Q ~ What is one thing that you absolutely need when writing?
Coke Zero and a recording of rain at the beach.

Q ~ Are you a plotter or a pantser?
Pantser. I would rather do anything besides write an outline. I had to write one when my latest story got bogged down and I didn’t know where to go. I was in a foul mood for two days. Karen Slaughter told me once she does the entire book in her head before she ever sits down to write. That would drive me nuts.

Q ~ Can you tell us a little bit about your latest release and what inspired you to write it?
At first I was just going to release shorts one at a time, but a fair number of fans asked for collections instead. So I decided to go the Books of Blood route and try to have a collection series that is thematically linked with an evolving wraparound story woven within. Individual stories are inspired by different things. “Nevaeh” by a bad funeral, “Ceridwen’s Cauldron” by covering the MRA movement, and so on. There are actually liner notes in the back for anyone who wants an in depth explanation.

Q ~ What was the most difficult part of the process?
I’d say putting the grunt work in every day. It may sound romantic to claim you were so fired by inspiration you hammered something out in a blackout fury of creation, but the reality is you just have to make yourself plod along one word at a time until you have a book.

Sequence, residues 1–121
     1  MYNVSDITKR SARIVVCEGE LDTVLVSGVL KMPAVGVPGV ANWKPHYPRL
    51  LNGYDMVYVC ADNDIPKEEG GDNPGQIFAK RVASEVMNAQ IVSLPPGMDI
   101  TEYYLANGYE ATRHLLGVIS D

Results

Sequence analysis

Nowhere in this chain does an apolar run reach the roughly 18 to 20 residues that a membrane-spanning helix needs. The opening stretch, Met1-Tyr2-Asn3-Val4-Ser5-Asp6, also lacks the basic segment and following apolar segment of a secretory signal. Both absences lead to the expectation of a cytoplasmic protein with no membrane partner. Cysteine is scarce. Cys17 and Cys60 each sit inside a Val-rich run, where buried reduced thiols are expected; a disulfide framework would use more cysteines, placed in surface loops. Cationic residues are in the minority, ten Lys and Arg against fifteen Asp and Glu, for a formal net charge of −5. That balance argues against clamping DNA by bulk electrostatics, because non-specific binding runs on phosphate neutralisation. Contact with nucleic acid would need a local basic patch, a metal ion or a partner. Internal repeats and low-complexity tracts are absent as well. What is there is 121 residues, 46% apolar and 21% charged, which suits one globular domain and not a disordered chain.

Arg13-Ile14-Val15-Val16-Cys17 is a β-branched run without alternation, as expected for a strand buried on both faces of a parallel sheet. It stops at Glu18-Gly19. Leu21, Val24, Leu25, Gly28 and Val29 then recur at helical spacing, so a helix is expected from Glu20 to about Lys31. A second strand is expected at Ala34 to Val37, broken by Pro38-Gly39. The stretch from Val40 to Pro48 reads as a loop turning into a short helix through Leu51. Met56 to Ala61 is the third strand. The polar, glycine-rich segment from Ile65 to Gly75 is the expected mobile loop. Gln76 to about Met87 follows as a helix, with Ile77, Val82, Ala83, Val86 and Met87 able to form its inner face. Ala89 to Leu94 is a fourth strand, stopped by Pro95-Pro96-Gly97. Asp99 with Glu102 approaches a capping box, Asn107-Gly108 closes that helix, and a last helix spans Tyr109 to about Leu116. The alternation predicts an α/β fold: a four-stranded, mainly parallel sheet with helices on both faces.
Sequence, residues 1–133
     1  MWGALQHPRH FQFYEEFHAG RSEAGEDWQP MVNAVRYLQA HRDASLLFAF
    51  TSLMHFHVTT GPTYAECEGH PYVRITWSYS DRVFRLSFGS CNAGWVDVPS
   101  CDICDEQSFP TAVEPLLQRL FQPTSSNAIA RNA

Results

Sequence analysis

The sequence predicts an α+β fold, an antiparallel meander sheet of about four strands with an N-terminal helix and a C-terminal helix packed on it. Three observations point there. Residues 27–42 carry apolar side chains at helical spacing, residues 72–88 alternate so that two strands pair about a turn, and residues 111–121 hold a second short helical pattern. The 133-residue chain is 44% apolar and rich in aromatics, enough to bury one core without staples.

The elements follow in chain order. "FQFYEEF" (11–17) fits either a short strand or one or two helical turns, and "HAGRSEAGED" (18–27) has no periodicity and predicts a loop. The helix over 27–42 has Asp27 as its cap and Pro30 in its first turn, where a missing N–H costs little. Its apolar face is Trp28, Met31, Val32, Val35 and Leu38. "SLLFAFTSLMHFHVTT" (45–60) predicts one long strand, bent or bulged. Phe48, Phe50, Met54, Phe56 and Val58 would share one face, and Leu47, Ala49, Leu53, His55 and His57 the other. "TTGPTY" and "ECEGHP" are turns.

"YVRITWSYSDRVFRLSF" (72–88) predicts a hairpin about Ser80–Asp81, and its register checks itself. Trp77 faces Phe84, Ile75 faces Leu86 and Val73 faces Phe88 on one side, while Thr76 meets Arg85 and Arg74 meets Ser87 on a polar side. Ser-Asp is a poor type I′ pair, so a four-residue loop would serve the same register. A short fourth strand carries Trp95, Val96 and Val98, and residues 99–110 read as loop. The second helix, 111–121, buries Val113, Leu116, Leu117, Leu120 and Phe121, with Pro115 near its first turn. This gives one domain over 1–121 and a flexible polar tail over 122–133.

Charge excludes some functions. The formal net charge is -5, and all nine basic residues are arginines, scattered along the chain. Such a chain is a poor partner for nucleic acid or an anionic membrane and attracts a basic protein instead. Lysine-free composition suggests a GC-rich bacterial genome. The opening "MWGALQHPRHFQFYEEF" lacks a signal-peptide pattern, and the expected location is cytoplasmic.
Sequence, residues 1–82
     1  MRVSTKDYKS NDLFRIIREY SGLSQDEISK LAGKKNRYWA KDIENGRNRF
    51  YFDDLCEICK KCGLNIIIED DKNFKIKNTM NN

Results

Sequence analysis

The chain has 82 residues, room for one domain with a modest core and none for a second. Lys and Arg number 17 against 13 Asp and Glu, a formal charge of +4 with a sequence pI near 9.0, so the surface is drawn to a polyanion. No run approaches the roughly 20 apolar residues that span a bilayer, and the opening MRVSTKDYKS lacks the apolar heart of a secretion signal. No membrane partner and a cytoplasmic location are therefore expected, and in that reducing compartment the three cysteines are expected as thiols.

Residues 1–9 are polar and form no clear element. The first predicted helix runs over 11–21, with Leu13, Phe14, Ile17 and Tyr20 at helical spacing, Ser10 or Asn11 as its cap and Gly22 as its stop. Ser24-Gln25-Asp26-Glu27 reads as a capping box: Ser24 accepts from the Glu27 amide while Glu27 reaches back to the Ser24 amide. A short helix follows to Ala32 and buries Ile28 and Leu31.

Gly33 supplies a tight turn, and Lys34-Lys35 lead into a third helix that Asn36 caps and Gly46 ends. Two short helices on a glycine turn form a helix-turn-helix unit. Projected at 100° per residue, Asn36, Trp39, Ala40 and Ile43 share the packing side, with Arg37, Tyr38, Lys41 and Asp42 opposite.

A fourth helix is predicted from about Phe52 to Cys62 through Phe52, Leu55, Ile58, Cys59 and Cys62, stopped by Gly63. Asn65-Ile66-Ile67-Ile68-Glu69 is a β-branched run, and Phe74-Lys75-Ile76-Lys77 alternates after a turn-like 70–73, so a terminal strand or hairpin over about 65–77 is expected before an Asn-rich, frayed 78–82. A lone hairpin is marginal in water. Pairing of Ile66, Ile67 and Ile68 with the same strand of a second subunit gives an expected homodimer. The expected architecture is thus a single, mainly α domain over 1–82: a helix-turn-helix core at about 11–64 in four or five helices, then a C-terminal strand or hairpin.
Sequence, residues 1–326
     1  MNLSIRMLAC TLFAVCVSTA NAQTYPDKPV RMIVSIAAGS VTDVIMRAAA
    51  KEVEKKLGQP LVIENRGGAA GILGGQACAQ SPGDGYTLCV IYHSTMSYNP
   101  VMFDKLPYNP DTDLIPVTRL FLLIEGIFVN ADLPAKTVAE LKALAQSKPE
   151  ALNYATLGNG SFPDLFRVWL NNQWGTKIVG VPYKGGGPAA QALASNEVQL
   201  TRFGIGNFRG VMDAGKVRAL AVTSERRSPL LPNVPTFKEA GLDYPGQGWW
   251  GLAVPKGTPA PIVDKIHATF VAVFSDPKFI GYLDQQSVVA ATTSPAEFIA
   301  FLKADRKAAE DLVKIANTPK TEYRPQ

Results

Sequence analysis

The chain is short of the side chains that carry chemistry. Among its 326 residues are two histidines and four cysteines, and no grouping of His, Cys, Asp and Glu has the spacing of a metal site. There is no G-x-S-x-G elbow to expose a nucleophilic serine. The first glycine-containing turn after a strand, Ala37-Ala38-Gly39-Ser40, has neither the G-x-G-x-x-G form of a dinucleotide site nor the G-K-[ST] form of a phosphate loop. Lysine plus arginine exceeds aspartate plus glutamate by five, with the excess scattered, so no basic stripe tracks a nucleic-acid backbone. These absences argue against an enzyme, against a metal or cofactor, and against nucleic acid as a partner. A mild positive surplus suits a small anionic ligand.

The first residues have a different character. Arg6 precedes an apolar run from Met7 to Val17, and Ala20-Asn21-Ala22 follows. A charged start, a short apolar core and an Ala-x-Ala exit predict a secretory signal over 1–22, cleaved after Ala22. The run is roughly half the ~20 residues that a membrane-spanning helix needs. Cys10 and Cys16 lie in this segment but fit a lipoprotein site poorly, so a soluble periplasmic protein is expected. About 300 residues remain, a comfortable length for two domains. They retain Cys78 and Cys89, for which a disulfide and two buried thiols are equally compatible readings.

Q ~ What is your process for choosing character names?
I’ve got a wide circle of friends online, and my wife is a baby nurse so she brings home interesting names for me to use sometimes. I also make it a point to seek out names that are uncommon in America but common in other parts of the world. It’s a handy way to diversify your cast and keep it from being too white. I work very hard on not make a white male my default protagonist.

Q ~ What are you working on next?
The Rook Circle Volume 2. There will be six in the series. I’ve got a previously published story about a witch who magically castrates guys who send her dick pics that will be a part of it, and I just finished one about a guy in Hell being sentenced to serve his term in a video game I’m really, really proud of. Hopefully it’ll be out this year.

Q ~ If you could give aspiring authors one piece of advice, what would it be?
Joins a writer’s group. Do it yesterday. Nothing, nothing, NOTHING will serve you better than communicating with other authors.

About the author:

Jef Rouner (formerly known as Jef With One F and Jef Withonef) used a brush with rock and roll almost-fame in the Black Math Experiment to trick the editors of several news outlets into letting him pretend to be a journalist. You can usually find him talking about feminism, goth music, Doctor Who, and video games over at the Houston Press art blog. He pens bizarre short stories because no one tells him not to, and currently resides in Houston with his wife and daughter.